Make sure Whiskers finds the beach vacation as relaxing as you do.
The family trip to the beach just wouldn’t be the same without your fluffiest family member. While the car ride for you might be full of relaxation and anticipation, your pet might find it stressful—or even terrifying—if they’re not used to the backseat of your car.
There are ways to let Fluffy tag along while still ensuring her comfort and safety. Here’s what veterinarians recommend, according to the American Veterinary Medical Association:
1. Use a secure, comfortable, and appropriate carrier.
When it comes to pet carriers, it might seem like “the bigger, the better,” but having several feet to move around in might not be the best option. Pet carriers should allow *just* enough space for your pet to easily shift positions. A carrier that’s too big for your dog or cat might cause them to be thrown around while the vehicle is in motion.
If traveling by plane, you’ll need to be much more vigilant about your carrier choice. Planes require soft-sided carriers, which are more flexible and easier to store. The carrier also has to fit under the seat in front of you. Check your airline’s website to find the exact maximum dimensions for pet carriers allowed on your flight.
2. Your pet should wear a harness with an ID tag and be on a leash.
Sure, you want your dog to run off some of his energy, but a rest stop in another state is not the ideal time to let your dog run freely in a field. Imagine spending a full day of your vacation time doing rescue efforts to track down Fido.
You have two goals: prevent your pet from getting lost, and be able to find them quickly if you do. Here are ways to make sure your lost pet can be returned to you quickly:
Make sure their ID tag contains your phone number.
Consider microchipping your pet before the trip.
Carry a clear and recent photo of your pet to show people or even make posters.
3. Make plans for food and water.
One way to make your pet more comfortable during the ride is to ensure their needs are being met. Stick to their usual feeding schedule as much as possible (although it’s not unusual for a stressed cat to reject the offer).
Pack more food than you think you’ll need, and make sure it’s somewhere you can easily access it (not buried under three suitcases in the trunk). For water, consider using a small container with a lid. That way, you can easily take out water whenever your dog or cat needs it, and then store it afterwards without having to toss unused water or deal with spills.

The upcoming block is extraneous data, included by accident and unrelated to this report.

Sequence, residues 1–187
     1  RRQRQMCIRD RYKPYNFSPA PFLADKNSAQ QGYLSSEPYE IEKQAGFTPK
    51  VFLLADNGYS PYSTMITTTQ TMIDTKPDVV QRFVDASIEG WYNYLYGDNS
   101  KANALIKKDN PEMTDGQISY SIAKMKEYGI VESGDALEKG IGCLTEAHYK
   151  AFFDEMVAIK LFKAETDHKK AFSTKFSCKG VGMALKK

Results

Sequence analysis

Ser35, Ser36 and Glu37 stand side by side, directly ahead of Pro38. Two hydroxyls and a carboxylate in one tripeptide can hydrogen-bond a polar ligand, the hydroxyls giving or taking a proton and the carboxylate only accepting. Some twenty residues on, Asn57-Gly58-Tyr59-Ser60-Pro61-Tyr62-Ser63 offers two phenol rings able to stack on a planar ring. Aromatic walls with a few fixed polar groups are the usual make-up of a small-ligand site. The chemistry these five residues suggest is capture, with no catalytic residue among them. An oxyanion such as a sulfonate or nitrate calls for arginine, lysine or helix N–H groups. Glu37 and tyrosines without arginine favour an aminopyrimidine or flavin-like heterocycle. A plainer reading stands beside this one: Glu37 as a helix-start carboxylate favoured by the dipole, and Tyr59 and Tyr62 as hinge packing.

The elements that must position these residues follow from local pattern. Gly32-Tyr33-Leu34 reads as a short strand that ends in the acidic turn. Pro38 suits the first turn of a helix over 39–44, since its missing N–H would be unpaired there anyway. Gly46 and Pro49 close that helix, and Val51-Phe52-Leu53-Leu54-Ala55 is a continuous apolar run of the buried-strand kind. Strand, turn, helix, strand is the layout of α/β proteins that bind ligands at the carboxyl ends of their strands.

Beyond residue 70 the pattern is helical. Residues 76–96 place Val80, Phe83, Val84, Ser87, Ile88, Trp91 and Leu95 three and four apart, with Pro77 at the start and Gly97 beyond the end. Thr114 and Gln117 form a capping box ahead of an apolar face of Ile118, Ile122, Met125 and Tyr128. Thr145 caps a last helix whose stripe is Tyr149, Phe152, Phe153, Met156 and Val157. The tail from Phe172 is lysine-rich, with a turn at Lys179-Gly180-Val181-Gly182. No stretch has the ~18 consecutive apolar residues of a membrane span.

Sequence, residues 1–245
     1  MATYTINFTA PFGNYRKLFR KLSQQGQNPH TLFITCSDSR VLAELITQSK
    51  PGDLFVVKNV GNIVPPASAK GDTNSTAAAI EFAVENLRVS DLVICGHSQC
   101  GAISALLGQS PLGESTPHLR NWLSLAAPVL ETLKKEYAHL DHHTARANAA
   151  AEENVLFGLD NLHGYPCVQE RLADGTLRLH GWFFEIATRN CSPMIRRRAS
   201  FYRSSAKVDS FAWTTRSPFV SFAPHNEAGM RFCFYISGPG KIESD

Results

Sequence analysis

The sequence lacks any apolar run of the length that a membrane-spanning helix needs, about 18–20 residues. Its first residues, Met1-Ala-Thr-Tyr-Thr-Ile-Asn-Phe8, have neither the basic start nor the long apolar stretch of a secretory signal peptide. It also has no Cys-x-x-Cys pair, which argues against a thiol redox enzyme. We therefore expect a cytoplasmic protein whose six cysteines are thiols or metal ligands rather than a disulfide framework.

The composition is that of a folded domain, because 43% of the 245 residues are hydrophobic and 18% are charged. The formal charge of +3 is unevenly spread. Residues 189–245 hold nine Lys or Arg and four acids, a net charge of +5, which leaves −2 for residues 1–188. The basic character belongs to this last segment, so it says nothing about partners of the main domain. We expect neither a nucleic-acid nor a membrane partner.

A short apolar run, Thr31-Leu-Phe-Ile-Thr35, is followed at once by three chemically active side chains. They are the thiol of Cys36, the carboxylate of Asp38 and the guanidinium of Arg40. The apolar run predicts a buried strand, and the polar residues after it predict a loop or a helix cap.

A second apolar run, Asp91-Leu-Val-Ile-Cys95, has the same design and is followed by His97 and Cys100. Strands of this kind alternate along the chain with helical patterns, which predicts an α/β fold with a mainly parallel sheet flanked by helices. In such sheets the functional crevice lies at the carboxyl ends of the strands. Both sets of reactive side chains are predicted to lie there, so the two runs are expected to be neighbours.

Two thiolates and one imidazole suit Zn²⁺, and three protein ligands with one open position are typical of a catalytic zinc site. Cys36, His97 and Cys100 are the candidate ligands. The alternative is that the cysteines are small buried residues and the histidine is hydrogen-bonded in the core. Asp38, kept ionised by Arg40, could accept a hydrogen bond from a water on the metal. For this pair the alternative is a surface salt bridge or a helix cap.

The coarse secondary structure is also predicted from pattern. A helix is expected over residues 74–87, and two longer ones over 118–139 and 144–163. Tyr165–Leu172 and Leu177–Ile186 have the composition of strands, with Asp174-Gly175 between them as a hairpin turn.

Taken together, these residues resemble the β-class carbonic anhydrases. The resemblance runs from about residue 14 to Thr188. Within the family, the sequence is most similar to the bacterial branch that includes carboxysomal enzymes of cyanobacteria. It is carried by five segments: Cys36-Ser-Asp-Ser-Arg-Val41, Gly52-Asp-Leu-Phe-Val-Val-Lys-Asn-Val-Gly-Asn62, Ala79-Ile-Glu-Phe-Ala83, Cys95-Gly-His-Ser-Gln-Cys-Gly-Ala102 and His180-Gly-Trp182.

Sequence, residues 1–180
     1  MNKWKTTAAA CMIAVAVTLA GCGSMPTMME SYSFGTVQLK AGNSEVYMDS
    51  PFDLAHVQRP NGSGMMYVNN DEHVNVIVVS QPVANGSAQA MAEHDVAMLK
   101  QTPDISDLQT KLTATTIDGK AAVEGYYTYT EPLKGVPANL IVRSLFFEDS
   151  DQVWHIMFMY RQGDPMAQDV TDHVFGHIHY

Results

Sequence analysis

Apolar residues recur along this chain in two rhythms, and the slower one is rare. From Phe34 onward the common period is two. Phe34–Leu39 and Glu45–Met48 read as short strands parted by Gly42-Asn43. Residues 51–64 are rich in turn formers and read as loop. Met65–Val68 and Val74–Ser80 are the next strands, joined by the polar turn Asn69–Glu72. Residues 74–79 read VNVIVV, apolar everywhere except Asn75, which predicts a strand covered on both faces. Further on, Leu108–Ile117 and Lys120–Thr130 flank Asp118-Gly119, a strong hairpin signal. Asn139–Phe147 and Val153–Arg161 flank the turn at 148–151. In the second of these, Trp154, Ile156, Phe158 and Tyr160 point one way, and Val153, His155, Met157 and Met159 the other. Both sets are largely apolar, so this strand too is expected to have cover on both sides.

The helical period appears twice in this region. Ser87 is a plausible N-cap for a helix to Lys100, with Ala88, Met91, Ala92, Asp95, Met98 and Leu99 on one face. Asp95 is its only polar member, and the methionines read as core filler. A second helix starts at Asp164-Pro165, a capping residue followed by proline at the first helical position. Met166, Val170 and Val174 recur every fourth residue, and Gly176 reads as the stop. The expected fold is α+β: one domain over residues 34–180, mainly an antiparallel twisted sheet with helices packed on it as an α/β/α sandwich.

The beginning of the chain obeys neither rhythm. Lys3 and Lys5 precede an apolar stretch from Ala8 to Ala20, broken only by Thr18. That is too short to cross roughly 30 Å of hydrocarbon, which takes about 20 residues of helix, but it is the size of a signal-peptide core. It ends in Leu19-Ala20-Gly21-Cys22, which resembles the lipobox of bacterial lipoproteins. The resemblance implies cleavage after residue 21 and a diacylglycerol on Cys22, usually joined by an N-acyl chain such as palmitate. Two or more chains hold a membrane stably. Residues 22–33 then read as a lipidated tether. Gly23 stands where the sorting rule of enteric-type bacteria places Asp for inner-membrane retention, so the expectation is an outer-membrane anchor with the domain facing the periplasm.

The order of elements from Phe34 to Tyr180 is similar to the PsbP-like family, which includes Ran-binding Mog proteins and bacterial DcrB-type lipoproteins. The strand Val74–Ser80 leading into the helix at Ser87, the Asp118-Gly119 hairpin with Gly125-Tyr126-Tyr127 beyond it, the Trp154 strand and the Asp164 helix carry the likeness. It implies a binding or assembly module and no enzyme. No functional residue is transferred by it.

4. Make frequent stops every two to three hours.
Look for rest stops that are pet-friendly (not all of them are, unfortunately). Take pets to designated pet areas to exercise and do their business—while on a leash, of course. For cats, this is a great time to take out the litter box and see if they’ll go. Once again, it’s not unusual for a stressed cat to reject this offer, but make the option available whenever you can.
Be extra careful with food breaks during the summer. If you’re stopping for grub, make plans with what you’ll do with your pet while you eat. When outside temperatures are in the 70s or higher, cars can become dangerously hot, rising 20 degrees in just 10 minutes. For pets locked inside, this can be fatal.
If possible, opt for drive-thru restaurants so you can get food without turning off the car with your pet inside. Another possibility is getting the food to go. Have one person stay in the car with your cat or dog while others go inside to order food. Have a picnic outside with your pet in a nearby park.
5. Know and accommodate your pet’s health status.
Before long trips, visit your veterinarian for approval to travel. They might be able to catch unknown health risks that would make travel too dangerous.
If your pet’s health is less than ideal, don’t take the risk: Make arrangements for your beloved pet to stay at home with a responsible friend, family member, neighbor, or trusted pet sitter.
Otherwise, pack your pet’s meds, and make sure your pet is up-to-date on flea, tick, and heartworm treatments. Know the contact information for a veterinarian at your destination, just in case.
Get more tips for a drama-free trip for you and your pet:
11 things you can do to make travel safer for you and your pet. Schaumburg, IL: American Veterinary Medical Association. (Accessed on March 12, 2019 at https://www.avma.org/public/PetCare/Pages/travel.aspx.)
Animal travel and transport. Schaumburg, IL: American Veterinary Medical Association. (Accessed on March 12, 2019 at https://www.avma.org/public/petcare/cvi/pages/default.aspx.) Hot cars and loose pets. Schaumburg, IL: American Veterinary Medical Association. (Accessed on March 12, 2019 at https://www.avma.org/public/PetCare/Pages/Hot-Cars-and-Loose-Pets.aspx.)
Traveling with your pet FAQ. Schaumburg, IL: American Veterinary Medical Association. (Accessed on March 12, 2019 at https://www.avma.org/public/PetCare/Pages/Traveling-with-Your-Pet-FAQs.aspx.)